SAN FRANCISCO — Facebook disclosed on Wednesday that it was the target of an antitrust investigation by the Federal Trade Commission, just hours after the agency unveiled a privacy settlement with the company, underlining the steady stream of actions that regulators are taking to limit the power of America’s tech giants.
The company revealed the investigation in its quarterly earnings announcement, saying that the F.T.C. had informed it last month of the move. While the F.T.C. was known to be looking into Facebook and whether it had used its reach and clout to reduce competition, an antitrust investigation starts a more formal and intensive phase of examination.
Earlier Wednesday, the F.T.C. laid out how it was penalizing Facebook for privacy violations. In that agreement, Facebook was fined a record $5 billion for deceiving users about their ability to control the privacy of their personal data. The company was also ordered to create new layers of oversight and new practices for its collection and handling of users’ data. But the settlement, which did not limit Facebook’s gathering, sharing and use of personal information, was criticized by lawmakers for not going far enough in curtailing its data-mining practices.
The twin developments nonetheless highlighted the new reality for big tech companies: Scrutiny from regulators and lawmakers has become a constant.
Over the past 10 days alone, Facebook, Google, Amazon and Apple have all faced grilling from Congress and questions from regulators. Last week, executives from the companies attended a House hearing on antitrust matters. Google also appeared at a separate hearing on censorship and Facebook testified on Capitol Hill about a new cryptocurrency initiative. This week, the Justice Department said it would start an antitrust review into how internet giants had amassed market power and whether they had acted to reduce competition.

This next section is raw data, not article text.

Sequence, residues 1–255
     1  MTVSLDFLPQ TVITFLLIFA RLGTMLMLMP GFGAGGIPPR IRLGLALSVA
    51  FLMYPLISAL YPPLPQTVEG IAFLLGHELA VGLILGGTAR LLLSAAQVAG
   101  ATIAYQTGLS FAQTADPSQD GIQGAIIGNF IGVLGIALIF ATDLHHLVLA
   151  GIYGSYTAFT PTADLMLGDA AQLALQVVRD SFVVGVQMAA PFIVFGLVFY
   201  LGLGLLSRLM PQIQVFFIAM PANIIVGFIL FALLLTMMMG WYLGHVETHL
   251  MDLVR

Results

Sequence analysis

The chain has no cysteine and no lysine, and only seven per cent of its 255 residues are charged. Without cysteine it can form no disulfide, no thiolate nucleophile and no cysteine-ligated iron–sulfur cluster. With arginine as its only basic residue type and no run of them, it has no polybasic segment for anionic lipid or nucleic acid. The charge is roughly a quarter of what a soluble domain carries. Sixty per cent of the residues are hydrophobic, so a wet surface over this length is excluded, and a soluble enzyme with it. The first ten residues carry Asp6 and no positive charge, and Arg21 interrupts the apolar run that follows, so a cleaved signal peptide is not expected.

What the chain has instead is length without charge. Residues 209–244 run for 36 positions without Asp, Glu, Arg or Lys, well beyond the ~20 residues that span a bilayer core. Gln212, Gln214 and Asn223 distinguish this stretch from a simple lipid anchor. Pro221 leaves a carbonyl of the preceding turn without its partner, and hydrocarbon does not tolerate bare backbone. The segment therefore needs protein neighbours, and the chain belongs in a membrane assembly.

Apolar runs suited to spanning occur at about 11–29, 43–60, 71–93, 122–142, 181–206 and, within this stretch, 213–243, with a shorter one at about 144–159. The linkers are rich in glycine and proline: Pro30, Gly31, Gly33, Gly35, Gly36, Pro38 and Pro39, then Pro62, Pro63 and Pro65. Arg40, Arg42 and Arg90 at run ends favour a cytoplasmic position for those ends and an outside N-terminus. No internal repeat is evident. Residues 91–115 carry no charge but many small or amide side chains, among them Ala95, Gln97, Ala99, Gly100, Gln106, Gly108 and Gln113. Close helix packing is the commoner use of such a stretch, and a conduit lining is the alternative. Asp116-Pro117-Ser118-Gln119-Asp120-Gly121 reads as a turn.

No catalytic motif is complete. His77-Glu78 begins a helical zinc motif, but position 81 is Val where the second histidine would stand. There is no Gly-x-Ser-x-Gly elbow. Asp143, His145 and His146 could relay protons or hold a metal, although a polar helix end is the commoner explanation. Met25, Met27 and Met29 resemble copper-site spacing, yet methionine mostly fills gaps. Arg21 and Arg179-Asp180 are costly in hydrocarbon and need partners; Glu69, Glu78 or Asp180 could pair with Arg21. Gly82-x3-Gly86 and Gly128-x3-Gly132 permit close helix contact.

“The online technology industry and our company have received increased regulatory scrutiny in the past quarter,” Facebook said in a statement on Wednesday.
Earlier in the day, Mark Zuckerberg, Facebook’s chief executive, said he supported the privacy settlement with the F.T.C.
“We’re going to change the way that we operate, across the whole company. From the leadership down, to the ground up,” he told employees in a meeting at the company’s headquarters in Silicon Valley. “If we don’t, then we’re going to be held accountable for it.”
A spokeswoman for the F.T.C. confirmed the antitrust investigation and declined to comment further.
Andrew I. Gavil, a law professor at Howard University, said the F.T.C.’s investigation represented a commitment of staff and agency resources. “It also suggests there is reason to believe there is anticompetitive behavior to look at,” he said.
The F.T.C.’s lengthy privacy inquiry into Facebook could well have brought out evidence that helped persuade the agency to pursue an antitrust investigation, said Mr. Gavil, a former senior F.T.C. official.
Investigations can take months or even years. They result in staff presentations, by the agency’s economic bureau and by its competition bureau, made in private to the five commissioners. The politically appointed commissioners then decide whether to bring a case or not, or try to reach a settlement.
Unlike with the privacy case, there is no provision for fines in a civil antitrust case. But what can happen, if a corporate defendant is found to have violated the nation’s antitrust law, is follow-on cases by private plaintiffs such as other companies.
For now, the activity by the authorities has done little to squeeze Facebook’s business. The company said on Wednesday that revenue for its second quarter rose 28 percent from a year ago to $16.9 billion. Profits fell 49 percent to $2.6 billion as Facebook took a one-time $2 billion charge to pay the F.T.C.’s fine and recorded an accounting charge related to tax deductions, but excluding those, the company still performed better than Wall Street had expected.
This is a developing story and will be updated.